Contributing editor Becky Cheang just got back from drinking her body weight in bier (and other select libations) in Münich. In between nursing beers and/or a massive hangover, she kept notes on her favorite bars and local breweries in the Bavarian capital.
MÜNICH — Once upon a time, the Bavarian capital was filled with monks (München translates to Monk Town). During the Lenten period — when the monks were fasting — a few ingenious monks came together to create a more substantial drink than merely (often unclean) water to keep them going through the day. Thus, Münich bier was born.
Today, the city is littered with biergartens. You really can’t go wrong with any biergarten, but skip the touristy Hofbräuhaus am Platzl. Though if you do make it there, make sure to avoid the Sammtisch tables lest you offend a local. Stammtisch tables are reserved for the regulars. It’s such a tradition that Stammtisch rights are passed down through generations. (Select locals also earn a much-coveted spot in the beer mug safe where the restaurant will help store your liter mug under lock and key.)
Besides the old guards (the oldest and original Münich breweries that now supply the world: Augustiner, Löwenbräu, Hofbräu to name a few), a new crop of indie breweries and bars are bringing fresh vibes to a city steeped in tradition. Here’s a working list of my favorite spots around the city for a happy hour any time of day.
The Vicktualienmarkt beer garden can get touristy, but it’s still well worth a trip; the crowds only add to the experience. Thanks to a decree signed by the first Bavarian king in the early 1800s, most outdoor beer gardens allow you to bring in your own food — perfect for a beer garden right in the middle of the city’s central market. Divide and conquer for a perfect afternoon break. Pick up a platter of fantastic cured meats and cheeses from surrounding stalls — don’t forget pretzels. Get in line to get pints (they do have half-pints available, but you will be low-key judged) of whatever they have on tap that day. Have someone help save your party a table — it gets crowded, and you’ll learn to share quickly. Sit, imbibe, feast. If you still have space after that, end with a healthy beet juice shot from the fruit stand on your way out.
Chinesischer Turm (Chinese Tower)
Nestled inside the delightful and sprawling English Garden is a five-story wooden pagoda-style tower, home to the city’s second-largest beer garden. The Chinese Tower biergarten is a perfect stop to refuel if you’re on a bike tour around the city.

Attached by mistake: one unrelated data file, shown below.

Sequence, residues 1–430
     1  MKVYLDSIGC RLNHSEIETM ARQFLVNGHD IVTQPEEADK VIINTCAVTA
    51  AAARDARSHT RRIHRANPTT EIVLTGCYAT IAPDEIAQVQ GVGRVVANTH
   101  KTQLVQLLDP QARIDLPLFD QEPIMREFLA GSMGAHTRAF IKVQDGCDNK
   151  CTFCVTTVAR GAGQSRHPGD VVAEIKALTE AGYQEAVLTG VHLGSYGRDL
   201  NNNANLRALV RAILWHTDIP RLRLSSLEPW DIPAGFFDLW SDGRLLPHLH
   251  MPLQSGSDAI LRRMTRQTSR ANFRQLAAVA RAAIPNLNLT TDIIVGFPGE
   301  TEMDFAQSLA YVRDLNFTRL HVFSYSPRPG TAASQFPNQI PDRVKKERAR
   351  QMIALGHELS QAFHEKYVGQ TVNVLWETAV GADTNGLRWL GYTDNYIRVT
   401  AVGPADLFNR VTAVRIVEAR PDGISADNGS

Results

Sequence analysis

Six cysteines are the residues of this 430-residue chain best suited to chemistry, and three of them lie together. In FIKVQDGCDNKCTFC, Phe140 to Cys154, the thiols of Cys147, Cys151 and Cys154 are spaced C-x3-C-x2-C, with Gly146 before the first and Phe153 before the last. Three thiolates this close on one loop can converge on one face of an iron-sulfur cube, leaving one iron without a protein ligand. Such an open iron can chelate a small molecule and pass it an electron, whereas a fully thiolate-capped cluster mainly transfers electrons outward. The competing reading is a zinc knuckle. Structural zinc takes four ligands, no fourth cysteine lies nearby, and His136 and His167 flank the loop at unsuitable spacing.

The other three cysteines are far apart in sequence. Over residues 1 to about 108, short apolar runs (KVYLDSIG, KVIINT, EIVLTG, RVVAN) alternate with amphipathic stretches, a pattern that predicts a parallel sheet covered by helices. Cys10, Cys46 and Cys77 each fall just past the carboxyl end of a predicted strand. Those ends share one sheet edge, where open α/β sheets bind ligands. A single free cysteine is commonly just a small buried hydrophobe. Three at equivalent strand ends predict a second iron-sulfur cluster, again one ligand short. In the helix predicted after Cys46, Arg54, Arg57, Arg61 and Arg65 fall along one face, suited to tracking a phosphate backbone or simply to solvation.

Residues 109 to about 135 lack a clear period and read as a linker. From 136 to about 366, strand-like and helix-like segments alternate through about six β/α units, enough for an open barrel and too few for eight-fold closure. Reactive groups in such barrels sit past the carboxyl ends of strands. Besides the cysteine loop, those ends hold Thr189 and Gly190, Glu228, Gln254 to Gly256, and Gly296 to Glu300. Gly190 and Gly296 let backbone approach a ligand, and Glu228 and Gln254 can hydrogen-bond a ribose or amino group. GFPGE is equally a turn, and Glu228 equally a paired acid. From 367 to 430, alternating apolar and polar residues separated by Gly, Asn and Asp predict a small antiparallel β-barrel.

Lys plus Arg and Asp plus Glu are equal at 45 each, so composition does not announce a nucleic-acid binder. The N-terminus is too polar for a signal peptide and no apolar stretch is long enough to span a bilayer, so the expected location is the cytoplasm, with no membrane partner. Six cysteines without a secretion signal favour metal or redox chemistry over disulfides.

You can bring your own food, or pick up some traditional fare from the food stalls on site. There’s a charming accordion player nearby on most days, or catch the live brass band on weekends. Post bier, follow the river a few feet south to see the wildest, and possibly most dangerous, man-made river surf spot.
On the east side of Isar river lies Nockherberg, where a monastery used the stand. Today, it’s one of the city's largest places to get a pint. There are multiple indoor and outdoor benches, a full restaurant inside, and a cellar for more private events, peeking into an on-site brewery. When in doubt, just ask for a flight of the house beers. The Nockherberger is a lager brewed twice, and the Faustus was inspired by Goethe. If you’re lucky, they sometimes also have a special brew on tap called Vladmir, or — more affectionately — the Fake Russian. Named because it supposedly tastes like a Radler but is 100-percent beer. The food here is also excellent; go for the burger or the more classic Bavarian pork knuckles or roast chicken.
The city’s first hops brewery is in the backyard of a popular craft beer bar/butchery. As you walk through the space, you might get a waft of fresh flour, suggesting the space’s bakery past. However, you’re more likely to smell the grains in the brewery out back. If the owner (Frank) is in town, he’d be happy to bring you for a tour through the whole process. The Roter Munchner is my favorite, but you should also try the Kill Bill; their version of a Radler with a delicious bergamot taste. They also have a cannabis-infused white beer for those looking to get mellow. Pro-tip: If you’re planning your own bar crawl, start here. Das Meisterstück up front has an excellent menu of all kinds of wursts and roasted meats. Your stomach will thank you.
Wolf’s Farmacy and nearby Zum Wolf
For a break from the hops, stop by Wolf’s Farmacy in the Gärtnerplatz neighborhood. Open since 2001, the cocktail bar specializes in whiskey/bourbon libations. The drinks menu feels like a throwback to the old-school soda shops, with long lists of sugary concoctions (except this time infused with spirits). See if you can try some their homespun lemon-infused bourbon. Fun fact: There is a working barbershop in the back. Why anyone would ever want a shave while imbibing, I’m not sure. But it’s sure fun to take pictures in the vintage barber chair. Head around the block to the related, and equally cool, Zum Wolf. The lights are dim, the décor is kitschy chic, and the bar is always packed; easily four levels deep. Try their take on the classic Negroni using bourbon instead of gin. It’s a perfect way to end the night.